This boat is available with a wide range of Mercury engine options from 60hp to 140hp, but the most realistic are the 90hp and 115hp – the latter being fitted to our test boat. The Mercury 115hp 4-stroke works well with the stepped hull, which unlike most stepped designs has a medium-vee hull, with a transom deadrise angle of 19 degrees. The logic behind this combination, one can suppose, is to provide some extra lift and efficiency, while benefiting from extra stability at rest – not a bad mix for a family boat. The Sun Six planes at 13 knots and picks up instantly, hitting 30 knots in under 10 seconds. The 115hp Mercury has a great low-down power delivery for an engine its size and, weighing in at 163kg, it is not overweight. Simple things like this make a difference in a boat that only displaces 750kg ‒ in particular, this boat has good natural fore and aft trim. You need only a small amount of trim out on the engine to get the last couple of knots from her, and in the main you generally tend to drive this boat with the trim left in a low setting. In tight turns she holds a steady line, with a slight tendency to cavitate when powering out of slow, tight corners, but with no inclination to slide the stern.

Running into the sharp wake of the photo boat was the only seaway we had to test the hull. Given that a beamy 6m medium-vee boat is not built to cut through tall ridges of water at 30 knots, the Salpa did very well. Coming down on the wide amidships section of the hull not surprisingly produced a few jarring moments, but it left me in little doubt as to the strength of the lay-up. The steering is composed but not super-quick. I found it ideal, though some might prefer a lighter response.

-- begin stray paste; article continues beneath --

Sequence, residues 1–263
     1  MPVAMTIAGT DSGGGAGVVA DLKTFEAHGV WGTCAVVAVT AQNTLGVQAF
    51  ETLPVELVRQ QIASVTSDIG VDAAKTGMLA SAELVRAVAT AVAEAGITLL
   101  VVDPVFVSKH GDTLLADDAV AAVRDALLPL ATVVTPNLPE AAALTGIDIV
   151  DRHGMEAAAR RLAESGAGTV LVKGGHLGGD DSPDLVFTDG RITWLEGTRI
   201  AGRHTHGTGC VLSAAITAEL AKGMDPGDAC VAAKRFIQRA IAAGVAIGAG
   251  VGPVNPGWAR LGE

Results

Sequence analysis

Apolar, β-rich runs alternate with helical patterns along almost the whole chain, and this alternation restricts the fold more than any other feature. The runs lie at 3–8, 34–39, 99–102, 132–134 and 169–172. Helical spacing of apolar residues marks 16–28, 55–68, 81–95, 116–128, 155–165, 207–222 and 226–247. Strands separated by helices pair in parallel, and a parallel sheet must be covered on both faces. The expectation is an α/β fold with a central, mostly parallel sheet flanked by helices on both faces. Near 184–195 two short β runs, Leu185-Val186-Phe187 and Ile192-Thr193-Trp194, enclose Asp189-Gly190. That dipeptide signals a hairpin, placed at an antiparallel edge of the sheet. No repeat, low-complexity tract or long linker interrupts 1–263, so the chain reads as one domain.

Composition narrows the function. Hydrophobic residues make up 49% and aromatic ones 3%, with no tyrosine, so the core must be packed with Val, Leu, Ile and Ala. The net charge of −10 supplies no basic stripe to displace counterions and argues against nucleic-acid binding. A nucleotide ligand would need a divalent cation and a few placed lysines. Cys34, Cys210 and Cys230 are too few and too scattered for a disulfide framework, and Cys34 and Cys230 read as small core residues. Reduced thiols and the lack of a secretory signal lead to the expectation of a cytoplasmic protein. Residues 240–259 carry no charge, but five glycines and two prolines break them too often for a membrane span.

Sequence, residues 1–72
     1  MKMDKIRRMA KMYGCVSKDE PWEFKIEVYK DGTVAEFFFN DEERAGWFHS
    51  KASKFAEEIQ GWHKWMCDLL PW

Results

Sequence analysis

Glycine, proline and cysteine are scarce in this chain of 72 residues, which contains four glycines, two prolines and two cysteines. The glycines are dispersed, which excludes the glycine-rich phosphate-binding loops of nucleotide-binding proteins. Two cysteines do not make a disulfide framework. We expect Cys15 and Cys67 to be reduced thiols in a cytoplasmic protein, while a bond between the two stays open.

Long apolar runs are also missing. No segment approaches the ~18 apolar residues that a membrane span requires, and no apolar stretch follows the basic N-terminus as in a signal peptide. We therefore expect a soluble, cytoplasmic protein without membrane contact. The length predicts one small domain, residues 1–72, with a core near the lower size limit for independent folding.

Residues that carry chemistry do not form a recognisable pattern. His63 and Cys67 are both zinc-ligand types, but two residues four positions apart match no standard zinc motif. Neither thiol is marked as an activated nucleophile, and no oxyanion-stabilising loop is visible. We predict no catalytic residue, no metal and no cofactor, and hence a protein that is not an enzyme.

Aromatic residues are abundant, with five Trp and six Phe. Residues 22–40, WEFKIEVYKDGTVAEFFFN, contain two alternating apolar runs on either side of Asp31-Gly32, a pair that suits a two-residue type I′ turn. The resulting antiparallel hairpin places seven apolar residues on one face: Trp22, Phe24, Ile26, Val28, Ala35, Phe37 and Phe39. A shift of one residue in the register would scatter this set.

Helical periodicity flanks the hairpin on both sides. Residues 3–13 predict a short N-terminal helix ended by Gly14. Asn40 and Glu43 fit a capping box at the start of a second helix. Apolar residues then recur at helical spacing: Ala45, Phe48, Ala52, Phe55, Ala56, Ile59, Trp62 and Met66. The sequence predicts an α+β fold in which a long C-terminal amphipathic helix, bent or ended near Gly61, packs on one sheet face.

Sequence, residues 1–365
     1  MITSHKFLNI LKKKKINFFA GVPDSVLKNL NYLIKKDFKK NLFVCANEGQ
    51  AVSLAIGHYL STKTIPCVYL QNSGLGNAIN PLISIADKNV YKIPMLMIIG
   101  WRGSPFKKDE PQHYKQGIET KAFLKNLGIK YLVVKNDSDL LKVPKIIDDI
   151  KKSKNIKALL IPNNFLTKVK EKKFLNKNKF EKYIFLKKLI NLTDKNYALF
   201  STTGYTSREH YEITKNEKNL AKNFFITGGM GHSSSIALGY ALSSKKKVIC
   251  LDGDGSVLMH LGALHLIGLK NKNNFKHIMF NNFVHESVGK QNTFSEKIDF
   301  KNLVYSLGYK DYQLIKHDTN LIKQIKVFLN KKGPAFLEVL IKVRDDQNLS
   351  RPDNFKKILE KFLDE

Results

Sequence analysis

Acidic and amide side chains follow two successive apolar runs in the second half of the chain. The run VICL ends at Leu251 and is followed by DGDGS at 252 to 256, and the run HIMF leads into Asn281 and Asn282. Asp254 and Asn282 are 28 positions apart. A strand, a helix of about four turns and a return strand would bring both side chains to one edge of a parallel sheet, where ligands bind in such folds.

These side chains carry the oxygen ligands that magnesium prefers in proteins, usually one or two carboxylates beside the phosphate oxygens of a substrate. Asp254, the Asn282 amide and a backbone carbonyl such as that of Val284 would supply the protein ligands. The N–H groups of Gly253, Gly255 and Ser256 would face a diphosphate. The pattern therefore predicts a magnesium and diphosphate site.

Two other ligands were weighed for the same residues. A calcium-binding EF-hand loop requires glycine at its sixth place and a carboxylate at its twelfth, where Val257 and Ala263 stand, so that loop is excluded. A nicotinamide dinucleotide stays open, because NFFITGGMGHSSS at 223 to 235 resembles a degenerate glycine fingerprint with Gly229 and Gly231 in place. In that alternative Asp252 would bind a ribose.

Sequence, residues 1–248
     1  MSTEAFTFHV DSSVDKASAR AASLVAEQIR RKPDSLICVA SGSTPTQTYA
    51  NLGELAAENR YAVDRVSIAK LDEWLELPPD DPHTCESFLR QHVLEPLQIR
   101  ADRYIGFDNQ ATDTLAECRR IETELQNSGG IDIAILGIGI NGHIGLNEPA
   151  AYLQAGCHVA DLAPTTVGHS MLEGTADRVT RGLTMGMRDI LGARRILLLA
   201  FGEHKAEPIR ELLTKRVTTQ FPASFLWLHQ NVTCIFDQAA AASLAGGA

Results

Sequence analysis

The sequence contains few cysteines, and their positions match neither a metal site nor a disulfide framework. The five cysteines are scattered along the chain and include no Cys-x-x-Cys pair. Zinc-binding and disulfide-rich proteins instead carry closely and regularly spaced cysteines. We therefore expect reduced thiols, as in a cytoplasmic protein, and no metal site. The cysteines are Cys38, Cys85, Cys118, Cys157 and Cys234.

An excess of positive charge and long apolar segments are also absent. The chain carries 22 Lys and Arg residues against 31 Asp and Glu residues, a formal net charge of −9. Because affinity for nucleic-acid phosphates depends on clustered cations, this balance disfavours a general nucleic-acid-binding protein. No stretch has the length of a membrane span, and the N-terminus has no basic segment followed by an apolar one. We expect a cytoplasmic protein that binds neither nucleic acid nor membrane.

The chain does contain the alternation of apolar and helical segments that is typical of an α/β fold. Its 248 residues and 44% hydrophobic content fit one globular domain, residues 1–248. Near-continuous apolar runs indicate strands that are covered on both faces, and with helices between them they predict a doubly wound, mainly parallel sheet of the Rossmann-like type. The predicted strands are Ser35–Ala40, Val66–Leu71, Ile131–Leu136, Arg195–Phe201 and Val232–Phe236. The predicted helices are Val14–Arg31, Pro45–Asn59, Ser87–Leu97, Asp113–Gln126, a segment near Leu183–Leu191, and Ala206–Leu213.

Like many practical small open boats, its potential customers will be both first-timers and experienced boaters. Its makers are aware of this, so it has the option of several sensible extras, like a power windlass with 25m of chain. It is a fun boat to drive, but anything less or more than the 115hp Mercury, I suspect, will not provide the same balanced performance. It is a strong rival for the ever-popular RIB, and its lower price, extra deck space and far better accessibility make it a no-brainer. In its tested state it came fitted with a few extras, but even fully specified this boat has a sensible price tag.

What we thought


  • Solid build quality
  • Easy deck movement
  • Forward sunbathing space
  • Storage
  • Wide helm seat
  • Good wind protection
  • Plenty of sunbathing space
  • The steering may be a touch on the heavy side for some
  • You are charged extra for a compass


Performance (no fuel flow meter fitted)

  • RPM              Speed (knots)      
  • 2000              6.5              
  • 2500              7.7             
  • 3000              11.7              
  • 3500              17.0              
  • 4000              22.7               
  • 4500              25.0              
  • 5000              29.5
  • 5500              32.5              
  • 6000 (WOT)  36.3              


  • LOA: 6.15m
  • Beam: 2.25m
  • Displacement: 750kg (dry)
  • Power options: From single 60hp Mercury outboard to single 140hp Mercury outboard
  • Fuel capacity: 90L
  • RCD category: C for 7
  • Test engine: Single 115hp Mercury outboard

Salpa Sun Six Price

As tested: £42,950 (inc. VAT)